Loneliness is pushing morbidity among elderly

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Loneliness is pushing morbidity among elderly

Monday, 29 August 2022 | Biswajeet Banerjee

Loneliness is pushing morbidity among elderly

A survey has conclusively proved that loneliness among senior citizens is main cause of various ailments 

If you want to keep the elders of the family healthy, keep them busy. A study has revealed that elders who are busy tend to be healthier than those who live in isolation. Being alone and living with a sense of emptiness is a danger for senior citizens.

The study, carried out by Meerut's Lala Lajpat Rai Medical College in both rural and urban areas, has shown that elders with no social life tend to be sick, which leads to stress and depression. The study was carried out by Dr. Darksha Sayeda under the guidance of Dr Seema Jain, professor at the Department of Community Medicine in the LLR Medical College, Meerut. The data was collected from the Urban Health and Training Centre, Surajkund, and adjoining areas in which 220 people above 60 years of age were interviewed. This includes 1962 families with 43.18 per cent males and 56.82 per cent females.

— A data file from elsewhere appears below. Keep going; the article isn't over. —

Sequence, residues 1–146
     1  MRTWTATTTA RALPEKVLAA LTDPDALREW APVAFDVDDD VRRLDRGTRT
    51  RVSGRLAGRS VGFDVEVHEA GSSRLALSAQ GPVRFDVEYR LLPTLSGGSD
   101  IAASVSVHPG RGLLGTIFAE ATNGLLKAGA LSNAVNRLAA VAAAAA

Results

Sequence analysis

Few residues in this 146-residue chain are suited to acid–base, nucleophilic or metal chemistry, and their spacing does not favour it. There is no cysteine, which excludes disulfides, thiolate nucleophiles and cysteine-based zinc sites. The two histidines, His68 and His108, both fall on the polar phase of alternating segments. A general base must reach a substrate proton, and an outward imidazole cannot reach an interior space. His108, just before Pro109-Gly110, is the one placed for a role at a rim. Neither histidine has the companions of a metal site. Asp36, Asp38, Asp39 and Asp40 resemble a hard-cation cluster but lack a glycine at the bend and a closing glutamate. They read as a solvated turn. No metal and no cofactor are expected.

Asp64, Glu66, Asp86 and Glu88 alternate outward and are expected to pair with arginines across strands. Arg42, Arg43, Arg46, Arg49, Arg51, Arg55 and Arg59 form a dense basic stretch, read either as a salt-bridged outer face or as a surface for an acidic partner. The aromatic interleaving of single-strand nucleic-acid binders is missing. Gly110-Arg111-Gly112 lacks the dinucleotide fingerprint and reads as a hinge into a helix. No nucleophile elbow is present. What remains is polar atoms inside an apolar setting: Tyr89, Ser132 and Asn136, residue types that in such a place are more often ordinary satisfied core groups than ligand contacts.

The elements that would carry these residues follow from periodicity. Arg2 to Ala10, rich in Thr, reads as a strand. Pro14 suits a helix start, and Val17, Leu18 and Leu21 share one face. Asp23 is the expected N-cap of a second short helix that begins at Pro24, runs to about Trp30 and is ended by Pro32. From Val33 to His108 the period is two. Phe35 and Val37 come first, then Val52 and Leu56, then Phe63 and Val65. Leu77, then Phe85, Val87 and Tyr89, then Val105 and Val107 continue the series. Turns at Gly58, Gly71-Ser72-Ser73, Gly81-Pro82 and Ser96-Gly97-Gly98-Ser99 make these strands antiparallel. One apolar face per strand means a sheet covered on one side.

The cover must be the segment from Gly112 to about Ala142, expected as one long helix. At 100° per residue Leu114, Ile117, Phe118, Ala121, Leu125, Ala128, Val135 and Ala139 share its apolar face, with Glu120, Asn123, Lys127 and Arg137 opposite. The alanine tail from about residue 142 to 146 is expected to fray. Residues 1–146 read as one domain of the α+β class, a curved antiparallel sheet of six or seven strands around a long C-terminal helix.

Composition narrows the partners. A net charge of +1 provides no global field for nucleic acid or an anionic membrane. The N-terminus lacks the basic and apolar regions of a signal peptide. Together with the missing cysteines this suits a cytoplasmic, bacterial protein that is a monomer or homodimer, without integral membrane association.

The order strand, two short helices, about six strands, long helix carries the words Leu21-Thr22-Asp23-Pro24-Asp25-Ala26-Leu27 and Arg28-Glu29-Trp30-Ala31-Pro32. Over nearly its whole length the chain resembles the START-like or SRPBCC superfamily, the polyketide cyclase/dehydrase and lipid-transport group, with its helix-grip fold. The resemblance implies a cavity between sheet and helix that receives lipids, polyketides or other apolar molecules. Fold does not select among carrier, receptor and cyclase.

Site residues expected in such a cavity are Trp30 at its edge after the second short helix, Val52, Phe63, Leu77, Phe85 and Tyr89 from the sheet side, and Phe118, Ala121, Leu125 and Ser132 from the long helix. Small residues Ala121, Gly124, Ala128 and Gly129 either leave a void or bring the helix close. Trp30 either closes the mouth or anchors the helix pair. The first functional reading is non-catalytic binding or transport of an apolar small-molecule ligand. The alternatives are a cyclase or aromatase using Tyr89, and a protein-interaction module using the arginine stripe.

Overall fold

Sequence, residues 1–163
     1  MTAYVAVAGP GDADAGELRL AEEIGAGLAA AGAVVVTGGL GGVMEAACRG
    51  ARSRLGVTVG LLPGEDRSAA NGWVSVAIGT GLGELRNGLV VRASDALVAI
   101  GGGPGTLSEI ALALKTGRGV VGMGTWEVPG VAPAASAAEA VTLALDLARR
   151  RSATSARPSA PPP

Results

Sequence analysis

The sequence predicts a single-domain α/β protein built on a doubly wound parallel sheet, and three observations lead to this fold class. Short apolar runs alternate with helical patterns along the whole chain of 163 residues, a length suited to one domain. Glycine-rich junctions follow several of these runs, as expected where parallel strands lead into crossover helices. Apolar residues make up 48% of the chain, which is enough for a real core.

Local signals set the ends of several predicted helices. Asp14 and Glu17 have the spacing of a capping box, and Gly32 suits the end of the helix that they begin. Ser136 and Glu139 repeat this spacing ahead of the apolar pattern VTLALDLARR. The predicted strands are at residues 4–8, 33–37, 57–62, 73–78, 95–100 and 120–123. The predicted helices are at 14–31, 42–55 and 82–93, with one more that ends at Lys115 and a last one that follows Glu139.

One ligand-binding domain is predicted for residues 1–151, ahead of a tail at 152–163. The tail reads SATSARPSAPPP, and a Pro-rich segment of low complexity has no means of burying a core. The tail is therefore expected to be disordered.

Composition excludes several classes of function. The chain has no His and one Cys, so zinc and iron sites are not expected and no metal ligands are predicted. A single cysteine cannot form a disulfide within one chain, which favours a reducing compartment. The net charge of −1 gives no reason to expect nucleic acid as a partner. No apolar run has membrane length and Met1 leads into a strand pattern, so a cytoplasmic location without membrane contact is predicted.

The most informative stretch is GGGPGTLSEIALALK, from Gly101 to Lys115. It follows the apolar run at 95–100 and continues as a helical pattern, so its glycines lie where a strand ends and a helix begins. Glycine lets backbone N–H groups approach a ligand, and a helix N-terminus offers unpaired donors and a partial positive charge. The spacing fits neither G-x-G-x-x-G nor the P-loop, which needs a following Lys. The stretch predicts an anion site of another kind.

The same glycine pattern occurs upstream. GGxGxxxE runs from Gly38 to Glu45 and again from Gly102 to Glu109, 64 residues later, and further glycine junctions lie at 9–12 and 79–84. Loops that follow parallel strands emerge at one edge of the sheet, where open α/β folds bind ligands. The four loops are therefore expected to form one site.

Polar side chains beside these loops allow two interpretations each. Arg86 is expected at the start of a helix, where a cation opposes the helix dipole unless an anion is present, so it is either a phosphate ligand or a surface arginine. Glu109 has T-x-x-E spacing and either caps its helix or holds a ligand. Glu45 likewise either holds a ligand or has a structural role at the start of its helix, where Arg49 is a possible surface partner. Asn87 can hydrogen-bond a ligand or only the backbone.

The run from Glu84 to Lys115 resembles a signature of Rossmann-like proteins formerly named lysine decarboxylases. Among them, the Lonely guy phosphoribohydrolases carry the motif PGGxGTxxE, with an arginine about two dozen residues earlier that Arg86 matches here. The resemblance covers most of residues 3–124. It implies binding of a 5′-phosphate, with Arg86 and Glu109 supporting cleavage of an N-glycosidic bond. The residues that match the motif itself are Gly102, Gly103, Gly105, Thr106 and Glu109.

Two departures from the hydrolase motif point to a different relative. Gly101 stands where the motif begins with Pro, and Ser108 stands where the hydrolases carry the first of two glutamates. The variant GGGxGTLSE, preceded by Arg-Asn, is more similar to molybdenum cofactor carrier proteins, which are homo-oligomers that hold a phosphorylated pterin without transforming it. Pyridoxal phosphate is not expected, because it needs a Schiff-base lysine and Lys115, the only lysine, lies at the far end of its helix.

The survey found that stress, depression and mental illness were found in about 76.82 per cent of the elderly persons who lacked a social life, while the remaining 23.18 per cent were healthy. According to age stress, depression and diseases were found in elderly people above 85 years of age.

It was also seen in the research that elderly women were sicker than men. More than 56 per cent of women were suffering from all kinds of diseases. Most of the women had stress, depression, and amnesia. They had problems of weakness in the bones and pain in the joints. Most women were also found to be victims of diabetes. Out of 125 women interviewed for the study, 80.80 per cent were ill.